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Living with Today’s Salary but with Yesterday’s Prices

Wouldn’t it be fabulous if we could be living now with today’s salaries but with the prices of yesterday or twenty five years ago? Wow! That would surely allow us to really stretch our money and still have some leftover for our savings account. When I got married back in 1973, 31 years ago, I used to go to the store and take home two large boxes of groceries and supplies for only $25.00. Today, I put two or three items in a small bag and pay $25.00 for it. Enjoy this one as you look at the many things you could buy with one a nickel or five cents, something you cannot do today because very few things cost five cents. Even for a piece of candy, you have to dip deep into your pocket for a quarter.

Sunday was a great day for children because it was the day some of us got our 5 cents allowance. Some children were very careful in sharing out their spending so that they could have some for the next day. With five cents you could buy the following one cent articles like a mango, orange, raspado (shaved ice with syrup), pepitoes (roasted melon seeds) and still have some for the next day. You could get 2 packs of P.K. chewing gum or Spearmint with a nickel. If it was Christmas time, you could get a small apple. The larger ones cost 7 or 8 cents. Five cents could also buy you a pencil, an exercise book or an eraser. But who wanted to invest so much money on pencils and other stationery?

At home mother could buy one pound of sugar for 5 cents. Salt was 2 cents a pound. A Creole bun or sweet bread was sold for the same price. It was five cents for 2 recados (seasoning). In the vicinity of five cents you had other items like a pound of turtle meat, three fishes, or a pound of flour.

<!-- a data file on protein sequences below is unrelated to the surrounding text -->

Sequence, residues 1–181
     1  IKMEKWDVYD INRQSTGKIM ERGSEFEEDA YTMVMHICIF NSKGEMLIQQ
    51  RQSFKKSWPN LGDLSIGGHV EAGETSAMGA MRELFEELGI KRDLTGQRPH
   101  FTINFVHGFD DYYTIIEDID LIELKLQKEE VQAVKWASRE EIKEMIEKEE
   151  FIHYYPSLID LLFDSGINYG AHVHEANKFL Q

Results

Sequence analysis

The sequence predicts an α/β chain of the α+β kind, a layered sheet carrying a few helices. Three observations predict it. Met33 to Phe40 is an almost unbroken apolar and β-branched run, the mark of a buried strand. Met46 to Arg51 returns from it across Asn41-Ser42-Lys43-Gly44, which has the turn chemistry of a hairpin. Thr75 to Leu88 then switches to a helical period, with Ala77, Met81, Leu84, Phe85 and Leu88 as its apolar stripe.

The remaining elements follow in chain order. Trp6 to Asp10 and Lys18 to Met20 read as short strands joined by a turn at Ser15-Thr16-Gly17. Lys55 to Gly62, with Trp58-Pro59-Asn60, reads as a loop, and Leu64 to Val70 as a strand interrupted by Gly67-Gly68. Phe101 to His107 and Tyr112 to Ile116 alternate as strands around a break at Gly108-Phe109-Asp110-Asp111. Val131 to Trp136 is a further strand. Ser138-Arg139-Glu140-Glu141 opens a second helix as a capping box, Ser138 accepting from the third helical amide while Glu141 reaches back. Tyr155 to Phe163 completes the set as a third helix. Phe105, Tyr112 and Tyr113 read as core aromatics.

On the earning side of the budget, we sold a bundle of fish for 5 cents. That was shad, grunt, or mixed fishes. A whole wheelbarrow of coconut husks used for cooking sold for 5 cents. A bony fish was worth 5 cents if uncooked, or ten cents if barbecued.

TEN CENTS- that was a lot of money. It was ten cents for a coke. Ten cents for a bar of soap. Ten cents for a can of potted meat. Ten cents for a bar of chocolate. Ten cents for a pear. Ten cents for a pound of tortillas. Ten cents for a whole loaf of bread and fifteen for a loaf of bun. Ten cents could purchase you fruits like a papaya, mammy, custard apple, guanabana, small watermelon, or a pound of tomatoes. Several toys like a top or water gun sold for ten cents. We used to work hard for a whole week to be able to buy a water gun at the end of the week.

To earn ten cents you had to rake a whole yard. Ten cents for a wheelbarrow of firewood. You earned ten cents if you went around the village the entire day selling fruits or goodies for someone. Ten cents was earned if you scaled and gutted fish for an entire morning. Of yes, it took a lot of work to earn ten cents. Therefore, when you had earned it, you took great pains in planning how to spend it. If a kid had ten cents, he considered himself rich. Do you think that today a kid will bend down to pick up a dime if he sees one on the street? When two of us found a nickel or dime on the street at the same time, we used to fight over it. There were many scratches and bruised faces that resulted to become sole owner of a nickel or dime. If a child should ever steal ten cents from mom and be caught, he would get about ten to twenty cuts with a nice leather belt right across his back, his buttocks, or the calves. Boy, I never experienced cuts on those areas, but some guys said the cuts on the calves were the ones that hurt the most. I only got lashing on my hands when I did not know my math tables like the nine times table which was everyone’s worst nightmare, but that is another story. Yes, that is a story about lashing and whipping for next week.

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